Huffpost Business

Featuring fresh takes and real-time analysis from HuffPost's signature lineup of contributors

Edward Goldberg Headshot

LIBOR, Romney and TR: Some quick Thoughts

Posted: Updated:

First Lehman, then all the other intervening events of the last four years and now Libor and Barclays; can there be any shoes left to drop in the financial world?

In late 2007 early 2008 there were two financial stalwarts Chase/J.P. Morgan and Barclays. Last month Chase had the so-called whale problem and now Barclays is accused of fixing LIBOR; the underlying interest rate that much of the world's business community uses to base borrowing and lending. LIBOR rates are set daily by a panel of the world's leading banks in London. It is suppose to represent especially the three month dollar LIBOR rate (the most important one), what a bank would pay to borrow dollars for three months from other banks on the date that rate is set.

The LIBOR problem unlike the problem at Chase has significant global, financial and political ramifications. In some sense there is a historic feeling to it almost a "Let them eat cake moment". A sense that after all the problems of 2007/2008 global financial institutions still do not need to worry about rigging the game to their benefit. In many ways the alleged fixing of LIBOR is more damaging then the mortgage/housing crisis of 2007. Banking is based on credibility and trust, and when that credibility is shaken at one of its core points the system is in danger.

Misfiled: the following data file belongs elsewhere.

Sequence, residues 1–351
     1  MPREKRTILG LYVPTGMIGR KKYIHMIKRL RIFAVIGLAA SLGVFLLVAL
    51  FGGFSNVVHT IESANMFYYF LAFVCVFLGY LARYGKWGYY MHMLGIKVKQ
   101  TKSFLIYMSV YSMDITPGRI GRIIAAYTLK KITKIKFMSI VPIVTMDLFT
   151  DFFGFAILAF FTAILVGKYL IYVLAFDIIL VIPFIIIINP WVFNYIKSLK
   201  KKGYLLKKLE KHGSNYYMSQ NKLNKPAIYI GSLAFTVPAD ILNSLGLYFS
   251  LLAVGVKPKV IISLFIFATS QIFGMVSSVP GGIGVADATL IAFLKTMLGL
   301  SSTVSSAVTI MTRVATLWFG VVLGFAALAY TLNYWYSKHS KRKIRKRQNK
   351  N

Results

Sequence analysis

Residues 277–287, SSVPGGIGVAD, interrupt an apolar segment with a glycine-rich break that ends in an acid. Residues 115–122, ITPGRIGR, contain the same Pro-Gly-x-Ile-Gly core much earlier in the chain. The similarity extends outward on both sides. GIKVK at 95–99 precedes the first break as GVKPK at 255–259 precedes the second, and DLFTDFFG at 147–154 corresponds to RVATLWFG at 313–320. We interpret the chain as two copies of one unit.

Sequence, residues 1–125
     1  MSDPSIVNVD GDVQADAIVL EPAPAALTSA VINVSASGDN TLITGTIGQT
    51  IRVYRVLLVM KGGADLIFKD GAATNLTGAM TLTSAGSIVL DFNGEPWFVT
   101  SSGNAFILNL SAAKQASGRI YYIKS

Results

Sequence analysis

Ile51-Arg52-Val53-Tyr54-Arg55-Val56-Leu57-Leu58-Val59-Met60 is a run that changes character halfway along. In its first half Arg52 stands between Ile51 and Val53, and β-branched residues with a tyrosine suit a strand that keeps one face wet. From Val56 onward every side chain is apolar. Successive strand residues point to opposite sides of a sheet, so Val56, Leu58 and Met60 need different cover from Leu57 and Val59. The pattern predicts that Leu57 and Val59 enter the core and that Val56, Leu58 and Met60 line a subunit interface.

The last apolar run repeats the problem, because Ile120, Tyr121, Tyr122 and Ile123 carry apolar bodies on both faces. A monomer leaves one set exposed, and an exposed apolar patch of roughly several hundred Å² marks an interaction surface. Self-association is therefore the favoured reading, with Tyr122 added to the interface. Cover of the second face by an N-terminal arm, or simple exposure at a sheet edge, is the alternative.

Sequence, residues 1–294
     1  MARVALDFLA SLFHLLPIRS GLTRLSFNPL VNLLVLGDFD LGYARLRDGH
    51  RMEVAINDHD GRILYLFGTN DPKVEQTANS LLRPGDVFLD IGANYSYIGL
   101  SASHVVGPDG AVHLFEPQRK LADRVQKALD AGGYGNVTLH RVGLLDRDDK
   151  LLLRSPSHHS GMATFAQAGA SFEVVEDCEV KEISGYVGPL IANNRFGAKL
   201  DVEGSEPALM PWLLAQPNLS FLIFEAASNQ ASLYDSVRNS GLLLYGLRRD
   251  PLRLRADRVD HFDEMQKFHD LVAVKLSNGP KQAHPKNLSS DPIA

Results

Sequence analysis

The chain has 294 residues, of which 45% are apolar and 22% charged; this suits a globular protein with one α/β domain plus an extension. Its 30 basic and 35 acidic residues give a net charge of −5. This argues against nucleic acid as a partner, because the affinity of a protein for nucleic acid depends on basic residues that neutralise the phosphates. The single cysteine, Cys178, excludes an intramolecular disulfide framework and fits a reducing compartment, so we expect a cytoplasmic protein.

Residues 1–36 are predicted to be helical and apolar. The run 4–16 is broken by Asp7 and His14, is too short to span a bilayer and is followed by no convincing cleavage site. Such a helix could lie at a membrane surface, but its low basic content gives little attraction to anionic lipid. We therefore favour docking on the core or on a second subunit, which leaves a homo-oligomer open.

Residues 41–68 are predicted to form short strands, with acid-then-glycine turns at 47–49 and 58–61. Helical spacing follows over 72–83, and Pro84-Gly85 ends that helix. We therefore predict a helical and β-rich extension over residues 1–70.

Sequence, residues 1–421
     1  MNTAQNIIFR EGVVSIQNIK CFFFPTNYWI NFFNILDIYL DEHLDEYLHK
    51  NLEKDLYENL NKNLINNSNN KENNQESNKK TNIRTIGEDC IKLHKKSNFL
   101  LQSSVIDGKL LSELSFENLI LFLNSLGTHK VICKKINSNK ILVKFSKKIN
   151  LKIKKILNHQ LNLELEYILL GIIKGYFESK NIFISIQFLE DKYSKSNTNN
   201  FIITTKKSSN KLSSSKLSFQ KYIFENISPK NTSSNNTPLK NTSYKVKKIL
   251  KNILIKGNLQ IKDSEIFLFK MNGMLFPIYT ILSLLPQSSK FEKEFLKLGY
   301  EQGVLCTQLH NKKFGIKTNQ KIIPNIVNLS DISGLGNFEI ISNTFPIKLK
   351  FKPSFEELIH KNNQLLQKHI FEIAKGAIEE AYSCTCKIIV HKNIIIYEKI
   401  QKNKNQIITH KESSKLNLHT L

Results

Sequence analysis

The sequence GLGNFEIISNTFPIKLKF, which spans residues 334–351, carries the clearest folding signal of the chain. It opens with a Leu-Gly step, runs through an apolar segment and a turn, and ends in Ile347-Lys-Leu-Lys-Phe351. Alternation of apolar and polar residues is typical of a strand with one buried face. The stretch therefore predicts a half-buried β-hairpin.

Politically here in the United States, if, and more likely when, the LIBOR scandal touches the major U.S. banking institutions by definition it will becomes a major problem for the Romney campaign. How do you run against government regulation when non-regulation has the possibility of bringing the system down? How do you run as the candidate against Dodd-Frank when it now appears that Dodd- Frank only protects against the tip of the iceberg? And certainly how can you blame government for creating lack of confidence in the business community when as we see, as in 2007, it is the unregulated business community itself that is generating a lack of confidence.

It would be an interesting strategy for Romney to get a head of this problem by issuing a statement that in the Romney Administration, all business that touches the United States must play by the rules. Unfortunately, the current version of Mitt Romney appears to be more trust as in 1900s financial term then trust buster.